Warwick Farm staged the Australian Grand Prix on three further occasions—in 1967, 1970, and 1971. Sykes introduced the popular and affordable Formula Vee cars to Australian motor racing; pioneered the concept of club race meetings and practice days; and, in the 1970s, was one of the key figures behind the choice of production-block Formula 5000 cars as Australia’s premier single-seater category. The AARC continued to promote national race meetings at Warwick Farm until 1973, when the AJC decided to terminate its motor-racing activities. That year, due to Sykes’s declining health, Packard became secretary. The AARC supported club race meetings at Amaroo Park until November 1986.

A kind and generous man, in his retirement Sykes spent much of his time with bikes and cars: he enjoyed restoring historic motorcycles and riding his vintage Velocette. Following a succession of white, automatic Triumph 2000s, he drove a yellow Alfa Romeo GTV. After battling a heart condition for several years, he died on 12 April 1992 in Royal North Shore Hospital, North Sydney, and was cremated; he was survived by his wife, and the two sons and one daughter of his first marriage. Biennial Tasman Revival meetings began to be held in 2006.

Research edited by Karen Fox

Select Bibliography

  • Australian Automobile Racing Club: History and Events of the Club 1962-1986. [Sydney]: Australian Automobile Racing Club, 1986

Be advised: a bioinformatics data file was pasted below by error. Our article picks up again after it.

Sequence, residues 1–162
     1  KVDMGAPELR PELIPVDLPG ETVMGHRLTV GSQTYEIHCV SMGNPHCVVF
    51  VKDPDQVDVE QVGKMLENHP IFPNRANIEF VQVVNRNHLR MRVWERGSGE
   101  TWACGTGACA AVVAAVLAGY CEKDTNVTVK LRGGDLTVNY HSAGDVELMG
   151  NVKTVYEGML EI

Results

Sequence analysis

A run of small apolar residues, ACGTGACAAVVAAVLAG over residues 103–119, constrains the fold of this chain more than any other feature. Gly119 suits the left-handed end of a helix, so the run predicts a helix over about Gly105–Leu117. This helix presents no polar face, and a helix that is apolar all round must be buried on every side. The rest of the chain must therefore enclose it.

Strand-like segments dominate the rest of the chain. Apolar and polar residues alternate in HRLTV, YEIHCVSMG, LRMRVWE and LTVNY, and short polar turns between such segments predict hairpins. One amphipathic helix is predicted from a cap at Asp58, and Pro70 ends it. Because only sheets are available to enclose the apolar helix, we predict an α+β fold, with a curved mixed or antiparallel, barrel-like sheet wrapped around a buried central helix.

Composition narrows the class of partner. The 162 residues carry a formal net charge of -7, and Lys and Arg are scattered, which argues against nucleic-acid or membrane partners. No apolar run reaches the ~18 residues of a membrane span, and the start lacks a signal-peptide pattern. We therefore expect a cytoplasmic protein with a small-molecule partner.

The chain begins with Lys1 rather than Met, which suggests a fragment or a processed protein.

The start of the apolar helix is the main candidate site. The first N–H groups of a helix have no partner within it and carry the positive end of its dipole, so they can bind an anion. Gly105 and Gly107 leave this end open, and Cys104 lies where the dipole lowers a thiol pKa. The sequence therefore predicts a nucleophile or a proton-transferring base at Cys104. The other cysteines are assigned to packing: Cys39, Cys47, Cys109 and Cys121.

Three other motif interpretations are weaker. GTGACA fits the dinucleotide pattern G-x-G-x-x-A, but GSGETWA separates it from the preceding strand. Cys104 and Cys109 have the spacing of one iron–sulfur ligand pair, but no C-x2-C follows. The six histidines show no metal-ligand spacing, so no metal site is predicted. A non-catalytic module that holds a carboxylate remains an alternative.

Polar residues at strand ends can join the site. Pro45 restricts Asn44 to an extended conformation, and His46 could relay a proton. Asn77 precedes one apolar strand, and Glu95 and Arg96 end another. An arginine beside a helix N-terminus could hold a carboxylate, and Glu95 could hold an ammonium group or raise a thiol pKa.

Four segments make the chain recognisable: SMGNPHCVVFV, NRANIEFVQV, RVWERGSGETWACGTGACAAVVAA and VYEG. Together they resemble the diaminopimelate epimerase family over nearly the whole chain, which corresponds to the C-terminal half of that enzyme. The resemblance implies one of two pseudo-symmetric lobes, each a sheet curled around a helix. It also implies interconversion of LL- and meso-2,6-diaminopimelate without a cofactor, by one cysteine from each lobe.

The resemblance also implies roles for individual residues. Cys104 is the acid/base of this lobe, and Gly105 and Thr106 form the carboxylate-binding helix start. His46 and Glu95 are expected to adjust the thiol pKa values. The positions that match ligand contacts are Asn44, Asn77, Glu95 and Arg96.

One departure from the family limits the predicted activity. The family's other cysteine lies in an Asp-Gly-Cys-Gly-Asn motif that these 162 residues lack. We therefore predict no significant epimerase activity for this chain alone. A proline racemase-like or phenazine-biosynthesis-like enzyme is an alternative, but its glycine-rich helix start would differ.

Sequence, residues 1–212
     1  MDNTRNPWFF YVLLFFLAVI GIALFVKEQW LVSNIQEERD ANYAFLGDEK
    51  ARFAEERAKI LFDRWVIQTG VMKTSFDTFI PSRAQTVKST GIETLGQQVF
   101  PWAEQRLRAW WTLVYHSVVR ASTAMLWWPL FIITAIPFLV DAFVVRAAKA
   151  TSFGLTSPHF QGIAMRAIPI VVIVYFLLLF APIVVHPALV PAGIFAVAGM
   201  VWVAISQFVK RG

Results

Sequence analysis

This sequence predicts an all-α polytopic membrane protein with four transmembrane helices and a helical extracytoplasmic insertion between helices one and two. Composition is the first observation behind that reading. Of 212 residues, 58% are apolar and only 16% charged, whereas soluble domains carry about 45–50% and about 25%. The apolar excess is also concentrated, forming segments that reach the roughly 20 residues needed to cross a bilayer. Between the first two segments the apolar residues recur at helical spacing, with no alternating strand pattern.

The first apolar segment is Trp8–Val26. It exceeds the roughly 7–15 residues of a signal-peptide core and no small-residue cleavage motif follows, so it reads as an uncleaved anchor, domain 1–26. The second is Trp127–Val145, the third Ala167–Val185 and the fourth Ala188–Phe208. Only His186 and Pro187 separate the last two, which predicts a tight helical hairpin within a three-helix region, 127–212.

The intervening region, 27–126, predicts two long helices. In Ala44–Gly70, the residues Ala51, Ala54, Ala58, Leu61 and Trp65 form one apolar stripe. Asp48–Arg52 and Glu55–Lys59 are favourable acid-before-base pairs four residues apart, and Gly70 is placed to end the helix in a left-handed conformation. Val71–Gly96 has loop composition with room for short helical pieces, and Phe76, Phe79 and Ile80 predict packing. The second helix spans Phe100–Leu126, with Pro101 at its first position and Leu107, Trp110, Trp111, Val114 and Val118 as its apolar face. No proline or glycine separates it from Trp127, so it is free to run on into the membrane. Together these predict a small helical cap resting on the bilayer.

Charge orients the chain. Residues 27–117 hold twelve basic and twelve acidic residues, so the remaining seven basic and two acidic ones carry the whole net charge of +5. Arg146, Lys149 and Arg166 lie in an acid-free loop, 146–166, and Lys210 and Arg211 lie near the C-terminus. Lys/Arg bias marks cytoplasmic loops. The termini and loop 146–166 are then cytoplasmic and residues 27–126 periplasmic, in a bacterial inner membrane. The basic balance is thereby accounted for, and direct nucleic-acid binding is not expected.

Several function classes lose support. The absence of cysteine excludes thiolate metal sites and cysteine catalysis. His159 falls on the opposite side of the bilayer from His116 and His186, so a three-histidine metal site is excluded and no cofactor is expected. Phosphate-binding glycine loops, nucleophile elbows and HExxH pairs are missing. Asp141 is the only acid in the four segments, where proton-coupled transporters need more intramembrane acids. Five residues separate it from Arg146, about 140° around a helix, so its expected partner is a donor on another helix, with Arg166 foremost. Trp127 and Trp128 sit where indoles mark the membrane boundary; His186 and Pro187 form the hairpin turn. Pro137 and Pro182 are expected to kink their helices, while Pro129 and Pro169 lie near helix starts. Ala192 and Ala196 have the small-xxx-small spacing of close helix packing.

• Hanrahan, Bryan. ‘Mr Racing.’ Herald (Melbourne), 23 December 1967, 8
  • Horsepower: The History of Warwick Farm. [Casula, NSW]: Casula Powerhouse Arts Centre and Liverpool Regional Museum, 2005
  • Personal knowledge of ADB subject
  • Sykes, Meris. Personal communication

Related Entries in NCB Sites

Citation details

Peter Windsor, 'Sykes, Geoffrey Percy (Geoff) (1908–1992)', Australian Dictionary of Biography, National Centre of Biography, Australian National University, https://adb.anu.edu.au/biography/sykes-geoffrey-percy-geoff-17494/text29182, published online 2016, accessed online 23 October 2021.

This article was published in hardcopy in Australian Dictionary of Biography, Volume 19, (ANU Press), 2021

© Copyright Australian Dictionary of Biography, 2006-2021